Although some claim this sweeping exercise of authority and promise of enhanced enforcement by the CFPB is just the initial step to purify the pool of providers in the financial-services industry, mortgage professionals must recognize the realities of immediate compliance. The vetting process, regardless of the methodology used, is not necessarily negative for the industry — unless you are the bad actors the regulations are designed to weed out.

Risk management

It is presumed that mortgage originators work hard and do so for the reward of being compensated for their performance. If or when there are issues with a loan, most or all of these efforts would have been in vain. All the unpaid time spent on corrective measures could have been spent on another loan that would produce additional compensation. It used to be that inefficiency at any point in the process simply would cost time, but with all of the new regulations, inefficiency could cost jobs, and subject originators and their companies to fines and other penalties.

Mortgage professionals should consider these suggestions as they review procedures and processes to ensure that they are compliant and have reduced risk.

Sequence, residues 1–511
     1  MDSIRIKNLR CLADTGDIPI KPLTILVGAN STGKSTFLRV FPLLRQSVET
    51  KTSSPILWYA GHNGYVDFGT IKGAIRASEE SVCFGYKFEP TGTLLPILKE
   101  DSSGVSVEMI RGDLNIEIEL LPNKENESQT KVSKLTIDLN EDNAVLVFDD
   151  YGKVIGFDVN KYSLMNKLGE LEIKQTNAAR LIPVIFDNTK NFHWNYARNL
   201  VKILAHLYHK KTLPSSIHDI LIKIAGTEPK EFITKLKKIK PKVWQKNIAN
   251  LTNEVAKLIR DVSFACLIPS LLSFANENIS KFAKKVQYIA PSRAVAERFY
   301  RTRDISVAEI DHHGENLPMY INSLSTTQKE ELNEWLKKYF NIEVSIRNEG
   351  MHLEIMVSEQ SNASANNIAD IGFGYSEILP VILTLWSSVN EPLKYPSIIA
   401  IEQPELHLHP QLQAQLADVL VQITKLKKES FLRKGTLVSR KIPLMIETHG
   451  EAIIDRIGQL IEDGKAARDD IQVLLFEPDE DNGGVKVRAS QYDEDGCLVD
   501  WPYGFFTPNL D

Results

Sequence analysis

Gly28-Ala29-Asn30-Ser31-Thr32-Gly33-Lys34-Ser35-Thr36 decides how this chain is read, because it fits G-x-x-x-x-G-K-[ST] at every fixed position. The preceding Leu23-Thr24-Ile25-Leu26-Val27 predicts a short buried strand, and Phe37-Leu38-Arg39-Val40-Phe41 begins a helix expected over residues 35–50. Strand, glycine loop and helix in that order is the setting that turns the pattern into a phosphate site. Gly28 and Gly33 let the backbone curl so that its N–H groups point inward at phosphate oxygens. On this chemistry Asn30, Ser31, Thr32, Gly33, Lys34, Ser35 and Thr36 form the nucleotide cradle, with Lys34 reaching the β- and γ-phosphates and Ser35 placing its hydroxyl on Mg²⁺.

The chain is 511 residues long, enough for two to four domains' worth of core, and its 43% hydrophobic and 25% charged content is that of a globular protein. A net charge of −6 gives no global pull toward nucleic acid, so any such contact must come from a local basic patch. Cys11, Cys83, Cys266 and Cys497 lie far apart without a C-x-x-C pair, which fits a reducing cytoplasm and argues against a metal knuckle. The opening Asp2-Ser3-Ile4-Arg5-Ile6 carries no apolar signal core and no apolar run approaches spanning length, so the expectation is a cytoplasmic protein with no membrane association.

1. Review personal processes and practices to ensure they are in accord with your company’s compliance training and procedures, and the ongoing information coming from the regulatory authorities.
  2. Discuss any discrepancies you may discover in the procedures with your supervisor or the company’s compliance officer, and document your discussion.
  3. Be aware of fines and penalties imposed by regulators. Familiarize yourself with the facts to ensure your practices and procedures are fully compliant, and not placing you in jeopardy of being subject to similar fines and penalties.
  4. Select third-party providers that are financially solid, as well as qualified and capable of doing the task assigned to them. When asked, they should be able to demonstrate easily their financial stability with bona-fide financial statements, not just letters of recommendation.
  5. Report suspicious conduct and questionable practices to the appropriate authorities. It is the responsibility of everyone in the mortgage industry to remove the bad actors from the business.

Mortgage professionals must do everything possible to ensure that their loans — and their third-party vendors — meet the standards of today’s regulatory environment.